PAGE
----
The margarita used to be one of the most straightforward drinks to make, but with the rise of signature cocktails, it can be hard to remember how to make a margarita with triple sec.
This classic ingredient has been replaced with all kinds of other liquors and mixers that make the margarita a shadow of its former self. It's time to bring the classic margarita back, triple sec, and all.
What is triple sec?
Triple sec is a sweet, orange flavored liqueur that is used in a variety of drinks.
It's usually clear, but a few companies choose to color their triple sec. It's traditionally made with grain alcohol and a mixture of dried orange peels and other spices, giving it a unique flavor.
Most triple secs land in the 20 to 25 percent alcohol range (40 – 50 proof), making them a pretty strong liqueur.
Are there different types of triple sec?
There are many orange-flavored liqueurs, and their names are often interchanged, making the world of triple sec a confusing one.
Triple sec is often thought of as the cheaper option of name brand orange liqueurs, but there are differences between them.
Curacao is thought to be the first orange liqueur. It is believed to be the sweetest of the orange liqueurs and, over the years, has been more associated with the sweetness than the orange flavoring.
It's traditionally made with a rum base, but it has also been made with grain alcohol in recent times, making the alcohol percentage vary widely between 15 and 40%.
Cointreau is a name brand orange liqueur that is often thought of as a high-quality triple sec, but it's slightly different.
Its base is sugar beet alcohol, and it is made with both sweet and bitter orange peels versus the tropical oranges used in triple sec and curacao. Cointreau is always clear, with an alcohol percentage of 40.
Grand Marnier is another name brand that is thought of as a high-class version of triple sec, but that's not entirely true.
This orange-flavored alcohol is a mixture of cognac, bitter orange, and sugar, leading it to be considered a curacao/triple sec hybrid. Grand Marnier also checks in at 40% alcohol, making it a more potent liqueur.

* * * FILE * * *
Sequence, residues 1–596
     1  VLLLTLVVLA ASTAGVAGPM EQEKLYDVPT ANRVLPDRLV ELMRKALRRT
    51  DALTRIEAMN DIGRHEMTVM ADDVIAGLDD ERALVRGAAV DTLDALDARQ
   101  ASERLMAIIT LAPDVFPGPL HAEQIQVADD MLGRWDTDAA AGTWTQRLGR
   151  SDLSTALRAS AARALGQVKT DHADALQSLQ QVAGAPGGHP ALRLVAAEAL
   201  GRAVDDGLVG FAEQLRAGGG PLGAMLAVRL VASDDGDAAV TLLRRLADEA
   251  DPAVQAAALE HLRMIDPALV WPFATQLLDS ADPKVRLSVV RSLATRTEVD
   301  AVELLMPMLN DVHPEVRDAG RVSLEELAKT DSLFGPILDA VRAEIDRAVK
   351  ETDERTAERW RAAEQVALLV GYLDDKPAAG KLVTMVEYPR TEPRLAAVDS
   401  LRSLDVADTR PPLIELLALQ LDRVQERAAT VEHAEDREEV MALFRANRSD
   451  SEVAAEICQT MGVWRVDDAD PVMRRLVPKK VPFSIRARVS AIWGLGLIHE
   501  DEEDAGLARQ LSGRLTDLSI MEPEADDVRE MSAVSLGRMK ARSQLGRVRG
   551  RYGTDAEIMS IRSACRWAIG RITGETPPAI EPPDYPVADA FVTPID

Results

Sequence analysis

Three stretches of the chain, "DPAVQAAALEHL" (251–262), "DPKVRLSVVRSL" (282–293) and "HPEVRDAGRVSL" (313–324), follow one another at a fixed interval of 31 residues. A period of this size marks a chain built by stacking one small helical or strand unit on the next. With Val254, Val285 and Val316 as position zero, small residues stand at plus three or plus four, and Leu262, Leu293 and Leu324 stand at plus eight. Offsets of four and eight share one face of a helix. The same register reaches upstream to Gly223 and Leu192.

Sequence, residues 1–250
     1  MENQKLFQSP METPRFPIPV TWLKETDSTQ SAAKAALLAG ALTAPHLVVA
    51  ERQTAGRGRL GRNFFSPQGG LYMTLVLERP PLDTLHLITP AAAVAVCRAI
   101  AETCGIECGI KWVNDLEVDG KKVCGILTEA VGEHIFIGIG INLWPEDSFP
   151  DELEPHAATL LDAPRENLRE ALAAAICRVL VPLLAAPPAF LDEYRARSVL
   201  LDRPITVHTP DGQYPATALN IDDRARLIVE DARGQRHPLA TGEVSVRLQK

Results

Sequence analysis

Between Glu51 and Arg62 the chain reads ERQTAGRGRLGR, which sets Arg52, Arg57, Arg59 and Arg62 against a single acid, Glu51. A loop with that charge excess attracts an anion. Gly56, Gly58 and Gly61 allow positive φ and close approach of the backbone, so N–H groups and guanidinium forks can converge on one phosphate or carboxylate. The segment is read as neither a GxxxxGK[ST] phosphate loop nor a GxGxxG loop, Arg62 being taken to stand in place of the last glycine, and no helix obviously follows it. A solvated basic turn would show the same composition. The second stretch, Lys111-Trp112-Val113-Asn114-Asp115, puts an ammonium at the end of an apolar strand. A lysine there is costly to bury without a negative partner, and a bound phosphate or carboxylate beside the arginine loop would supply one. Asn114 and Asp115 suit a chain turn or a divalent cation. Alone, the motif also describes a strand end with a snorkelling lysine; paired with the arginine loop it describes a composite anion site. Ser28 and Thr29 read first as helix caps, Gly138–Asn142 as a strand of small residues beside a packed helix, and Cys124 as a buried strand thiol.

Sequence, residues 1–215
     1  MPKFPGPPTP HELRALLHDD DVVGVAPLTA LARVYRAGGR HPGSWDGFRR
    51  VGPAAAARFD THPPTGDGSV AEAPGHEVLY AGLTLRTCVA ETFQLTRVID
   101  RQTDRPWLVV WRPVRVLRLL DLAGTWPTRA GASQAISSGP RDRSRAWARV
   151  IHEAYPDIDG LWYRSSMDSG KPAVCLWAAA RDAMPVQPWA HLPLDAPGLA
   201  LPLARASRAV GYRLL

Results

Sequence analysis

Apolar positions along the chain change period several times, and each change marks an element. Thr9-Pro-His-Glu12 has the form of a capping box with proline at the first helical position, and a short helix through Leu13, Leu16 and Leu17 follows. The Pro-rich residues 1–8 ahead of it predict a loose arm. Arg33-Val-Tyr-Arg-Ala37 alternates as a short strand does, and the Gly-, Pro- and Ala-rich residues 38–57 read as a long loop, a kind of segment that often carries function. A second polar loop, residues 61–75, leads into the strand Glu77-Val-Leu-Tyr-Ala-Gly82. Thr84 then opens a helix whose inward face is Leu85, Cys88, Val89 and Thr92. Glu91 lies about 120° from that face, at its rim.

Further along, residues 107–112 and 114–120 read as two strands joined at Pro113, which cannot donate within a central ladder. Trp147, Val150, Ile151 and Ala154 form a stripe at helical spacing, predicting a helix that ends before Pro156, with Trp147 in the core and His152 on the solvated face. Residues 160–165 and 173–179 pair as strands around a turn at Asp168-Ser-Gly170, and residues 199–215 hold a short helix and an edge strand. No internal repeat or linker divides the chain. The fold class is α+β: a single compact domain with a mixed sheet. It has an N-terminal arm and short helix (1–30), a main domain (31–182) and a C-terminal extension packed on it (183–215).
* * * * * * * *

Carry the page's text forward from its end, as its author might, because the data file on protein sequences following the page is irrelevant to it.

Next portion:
Is triple sec high in calories?
There is no way around the fact that traditional triple sec is a high-calorie addition to your drink. Luckily, there are a few ways you can still enjoy the taste and save some calories in the process.
Sugar-free triple sec
It is not incredibly common to find sugar-free triple sec, but it does exist. The high alcohol content will still offer a significant number of calories, but at least you’ll save a few from the sugar.
Alcohol-free triple sec
There are triple sec syrups available in the exact opposite vein that offer the taste of the liqueur without the alcohol content.
This is an excellent way to save on calories and enjoy a margarita that isn’t as strong as the traditional recipe. It also allows you to make a delicious margarita mocktail with all the taste but none of the alcohol.
How to make a margarita with triple sec
Now that you know a little more about what’s going in your drink, it's time for the best part. This classic and straightforward recipe is both easy to make and delicious.
1 ½ oz. reposado tequila
½ oz. triple sec
1 oz. lime juice
Rub a lime wedge around the rim of your glass and press it into your salt, creating a salt rim around the glass.
Fill the glass with ice and garnish the edge with your lime wedge.
Fill a shaker with ice and combine the tequila, triple sec, and lime juice in the shaker.
Close and shake well to combine the ingredients. Strain the contents into the glass and enjoy it.
Welcome to Margaritaville
Now that you know how to make a margarita with triple sec, nothing can stop you from enjoying this sweet treat whenever your heart desires.
After trying a margarita in this traditional style, you will start to wonder why they have done so much with a drink that is already perfect the way it is.
For the most authentic experience, don’t forget to use genuine triple sec and follow the recipe.
As an organic chemist, Janelle always preferred her drinks pure, like bottled water from the Pyrenees. That is, until a jazz saxophonist blew the doors of her taste buds wide open by introducing her to the joys of cocktails. When not tinkering with new blends, Janelle is runs a classified black-ops department of the NIH.